The ashcans are generally 5.5" x 8.5 (8.5"x 11" folded in the half and stapled). These are usually no more than 10-16 pages (5-8 pages folded) plus a cardstock cover. Generally, I do these in print runs of at least 25 and the cost per unit is about $1.50.

My black and white prints are generally 11" x 17" on cardstock or some variation thereof. I, generally, get 10-20 copies for an initial run and continue to reprint as needed. These cost about 25¢-50¢ each.

When out of town for conventions, I always make a mental note of the location of the nearest copy center. I always keep my storage web site up-to-date with my most recent prints, so that at any time I can grab a print and replenish my stock.

My first self-published item that actually sold out at a convention was an ashcan preview edition of Warmageddon Illustrated #1. I had a print run of 50 and debuted at the Wizard World Philly 2005. They sold for $10 each and more than paid for the entire cost of the convention.

21 January 2008

Computers and Essential Computer Programs

As a modern comic self-publisher, you will need working knowledge of a computer and a few key computer programs. If you use a Mac or a PC, this will be no different. At bare minimum, you will need a functioning computer with the following program types:

1) word processor - for writing and editing scripts.
2) image editor - for creating and editing art, and lettering
3) desktop publishing - for putting it all together and getting it to the printer

Some may suggest that you run out and get the best machine, fully loaded with the latest versions of the most popular industry tools. Some may, but I'm not. I'm here to tell you what I use and what works for me.

Let's start with my computer. I'm a PC guy. I'm a PC guy because I like being able to take apart and put together my computer. That's just me, you may be different, but I'm telling you my way and I'm cheap. My computer in a 450 Mhz Pentium II machine with 768MB of RAM. It cost me $100 (including shipping on eBay about 2-3 years ago)plus another $100 to max out the RAM. My current monitor is a 17" CRT it cost me less than $100 (including shipping on eBay). I also have an HP Deskjet D1420 printer, an HP 3400C scanner and a Wacom Bamboo tablet. Those were about $250 combined and while nice, they are not really necessary, so I mention them only in passing.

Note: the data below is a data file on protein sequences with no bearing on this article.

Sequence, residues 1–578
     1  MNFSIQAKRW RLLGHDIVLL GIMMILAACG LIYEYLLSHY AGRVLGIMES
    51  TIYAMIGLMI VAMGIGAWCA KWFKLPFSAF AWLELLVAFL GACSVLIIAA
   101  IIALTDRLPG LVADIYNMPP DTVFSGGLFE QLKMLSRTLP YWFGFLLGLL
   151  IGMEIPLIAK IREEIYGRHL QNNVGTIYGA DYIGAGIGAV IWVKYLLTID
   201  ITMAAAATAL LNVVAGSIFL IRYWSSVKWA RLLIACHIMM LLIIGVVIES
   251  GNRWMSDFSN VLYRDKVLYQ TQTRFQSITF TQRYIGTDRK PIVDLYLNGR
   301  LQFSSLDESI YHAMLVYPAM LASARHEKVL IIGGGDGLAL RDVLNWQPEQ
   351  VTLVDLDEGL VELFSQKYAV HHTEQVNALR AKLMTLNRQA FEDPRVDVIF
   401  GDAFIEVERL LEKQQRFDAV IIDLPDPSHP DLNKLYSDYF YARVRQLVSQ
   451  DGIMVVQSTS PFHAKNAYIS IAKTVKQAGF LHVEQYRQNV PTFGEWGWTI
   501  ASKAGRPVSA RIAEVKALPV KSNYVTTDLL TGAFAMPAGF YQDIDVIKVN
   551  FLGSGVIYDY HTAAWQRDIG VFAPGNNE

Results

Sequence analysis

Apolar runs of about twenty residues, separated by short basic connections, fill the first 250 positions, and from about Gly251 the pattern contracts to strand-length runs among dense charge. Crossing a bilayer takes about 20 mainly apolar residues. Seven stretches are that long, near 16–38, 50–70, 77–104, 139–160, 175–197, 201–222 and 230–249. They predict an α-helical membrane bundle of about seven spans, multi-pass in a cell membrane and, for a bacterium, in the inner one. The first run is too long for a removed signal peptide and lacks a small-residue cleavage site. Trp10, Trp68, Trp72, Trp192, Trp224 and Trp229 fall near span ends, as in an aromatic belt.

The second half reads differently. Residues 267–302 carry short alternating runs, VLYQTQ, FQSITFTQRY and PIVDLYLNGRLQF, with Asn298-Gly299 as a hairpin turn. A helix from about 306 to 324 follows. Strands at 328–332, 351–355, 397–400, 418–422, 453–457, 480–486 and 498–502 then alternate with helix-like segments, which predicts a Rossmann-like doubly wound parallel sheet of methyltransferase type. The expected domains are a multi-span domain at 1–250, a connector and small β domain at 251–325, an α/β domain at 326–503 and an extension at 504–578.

My operating system is Windows 2000 Advanced Server. I'm a web developer by trade so it's nice to have a local web server for web site development. The side effect is that I learned that the server operating system requires less RAM and it less processor intensive than Windows XP. This leaves more RAM and processor power for my other programs and means that I can invest the money saved elsewhere.

My word processor is Word 2000 because it does it's job. Nothing more and nothing less. As a word processor Wordpad works just as well and ships (for free) with the Windows OS. Having Word in most cases, will allow you to easily open and create a wide ranges of document types. This becomes very handy when you are working with lots of different creators. Google also offers a free word processor at Google Docs.

My document type of choice for writing and editing is RTF (Rich Text Format). This format maintains all the formatting that you really need (bold, italics, tabs, etc) without all the unnecessary junk AND it's readable by most other word processors. This makes it extremely easy to pass documents back and forth. Google Docs also takes care of file compatibility and file sharing.

My image editors of choice are Photoshop and Illustrator both made by Adobe. I use Photoshop 7 and Illustrator 9. They both work well for me. I use Illustrator mainly for lettering and I use Photoshop for almost everything else. I recently discovered that Photoshop 7 does not always work with Windows Vista, so if you're using Vista, I suggest you check invest in Photoshop CS3.

I don't really have a program that's designed exclusively for desktop publishing. All the printers that I use accept TIFF and/or PDF files. For those that accept TIFF files, I use Photoshop to export files as TIFFs and I'm done. For those the require PDF files, I use Photoshop to create single page PDF files of each one of my pages and then I use PDF Split-Merge to merge the pages all together into a single file that gets sent off to the printer.

And that's it. Those are all the programs that I use on a regular basis to produce comics.